5 Ways to Make Trigeminal Neuralgia Pain More Bearable

About five in every 100 people with MS will face this painful condition

woman with facial pain
GlobalStock/E+/Getty Images

Trigeminal neuralgia, one of the most excruciatingly painful medical conditions, occurs in about five in every 100 people with multiple sclerosis (MS). It causes extreme stabbing, shock-like, or burning sensations, usually down one side of the face or jaw.

During an attack of typical trigeminal neuralgia (TN1), the pain can last a few seconds or minutes, but may repeat in quick succession over the course of several hours.

Some people, however, suffer from "atypical" trigeminal neuralgia (called type 2, or TN2), which may be at a lower intensity than typical TM but consists of burning, stabbing, and sometimes aching pain that is always present to some degree. 

What Causes Trigeminal Neuralgia?

While a variety of conditions can cause TN—including nerve compression from a tumor, a brain vessel abnormality called an arteriovenous malformation, and even injury to the trigeminal nerve during sinus surgery, oral surgery, or facial trauma—it is much more common in people with multiple sclerosis than in the general population. People with MS are 400 times more likely to be diagnosed with TM, and it usually occurs because of damage to the myelin sheath around the trigeminal nerve. 

How Is Trigeminal Neuralgia Treated? 

If you are suffering from pain that fits the description of TM—or new pain of any type—you'll need to schedule an appointment with your doctor right away.

 Given how devastating this condition can be for your quality of life, it's vitally important to treat the pain as soon as possible—even though many patients feel the available treatments don't fully address their pain. While I have never suffered from the bring-you-to-your-knees-in-agony pain from a full-force attack of trigeminal neuralgia (TN), I have had some small “mini-TN” episodes that are enough to give me an idea of what it might be like.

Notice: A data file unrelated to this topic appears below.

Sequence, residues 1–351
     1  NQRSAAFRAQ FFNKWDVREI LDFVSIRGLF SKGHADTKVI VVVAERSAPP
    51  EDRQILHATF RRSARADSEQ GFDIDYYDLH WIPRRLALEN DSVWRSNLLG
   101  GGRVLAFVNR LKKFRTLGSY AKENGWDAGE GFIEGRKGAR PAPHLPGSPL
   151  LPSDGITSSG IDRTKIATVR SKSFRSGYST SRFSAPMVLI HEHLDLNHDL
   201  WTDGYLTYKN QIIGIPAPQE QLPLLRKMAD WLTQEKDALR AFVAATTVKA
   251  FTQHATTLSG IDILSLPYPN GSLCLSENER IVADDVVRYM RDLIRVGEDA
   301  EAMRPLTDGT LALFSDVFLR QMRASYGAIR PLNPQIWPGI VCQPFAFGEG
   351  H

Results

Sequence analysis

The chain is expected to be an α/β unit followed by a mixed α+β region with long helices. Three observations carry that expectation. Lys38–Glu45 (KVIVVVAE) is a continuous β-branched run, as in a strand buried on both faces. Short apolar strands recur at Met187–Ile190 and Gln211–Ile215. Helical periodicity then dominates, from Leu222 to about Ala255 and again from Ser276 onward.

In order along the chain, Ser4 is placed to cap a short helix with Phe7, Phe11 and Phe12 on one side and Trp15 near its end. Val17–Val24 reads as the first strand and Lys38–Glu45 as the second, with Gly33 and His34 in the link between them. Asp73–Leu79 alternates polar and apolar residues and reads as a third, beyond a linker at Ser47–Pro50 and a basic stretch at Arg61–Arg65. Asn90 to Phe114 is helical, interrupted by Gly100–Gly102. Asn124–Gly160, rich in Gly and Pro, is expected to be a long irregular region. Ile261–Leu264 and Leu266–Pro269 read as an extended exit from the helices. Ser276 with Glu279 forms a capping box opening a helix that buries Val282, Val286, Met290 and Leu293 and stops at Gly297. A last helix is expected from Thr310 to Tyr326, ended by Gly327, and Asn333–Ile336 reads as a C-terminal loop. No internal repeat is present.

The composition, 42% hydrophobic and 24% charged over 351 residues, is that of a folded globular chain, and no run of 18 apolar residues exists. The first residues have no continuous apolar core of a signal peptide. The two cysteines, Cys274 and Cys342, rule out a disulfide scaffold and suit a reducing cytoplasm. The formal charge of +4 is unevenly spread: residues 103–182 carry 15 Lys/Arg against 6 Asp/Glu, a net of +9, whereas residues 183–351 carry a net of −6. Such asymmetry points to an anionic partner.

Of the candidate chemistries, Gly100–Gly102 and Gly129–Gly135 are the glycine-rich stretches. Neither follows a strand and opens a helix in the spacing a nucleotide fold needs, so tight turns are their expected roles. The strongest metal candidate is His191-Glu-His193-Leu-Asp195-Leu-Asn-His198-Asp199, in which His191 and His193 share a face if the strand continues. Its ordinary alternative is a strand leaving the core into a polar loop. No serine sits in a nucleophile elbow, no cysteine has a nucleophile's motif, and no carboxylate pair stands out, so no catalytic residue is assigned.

Medications are often crucial to the management of TM, and surgery or radiation therapy may also be used in extreme cases. There are also several complementary approaches that have proven helpful for many patients. Whether medically or scientifically sound or not, many people out there are finding some level of relief from these everyday tips and none of them are harmful. While most people say that none of these techniques completely eliminate their discomfort, they do claim to experience a reduction in the pain. To me, this sounds better than nothing and worth a try.

Apply Heat

During my mini-TN attacks, I find that a very hot shower brings me a little relief, although this approach can crank up some of my other MS symptoms (like fatigue and loss of proprioception). Others take hot baths or sit in saunas. If you try this, do so safely; have someone nearby that can help you if you get wobbly. Ideally, this is something to try if you can rest afterward.

Others recommend applying heat locally in the form of a warm/hot compress or hot pack.

I read one person’s suggestion to heat up a beanbag and put it up high on the jaw, next to the ear, on the affected side for 10 minutes. I have dampened a washcloth, wrung out the excess water, folded it and put it in the microwave for 45 seconds. I then wrapped it in a thin cloth and used this for my hot compress.

Apply Cold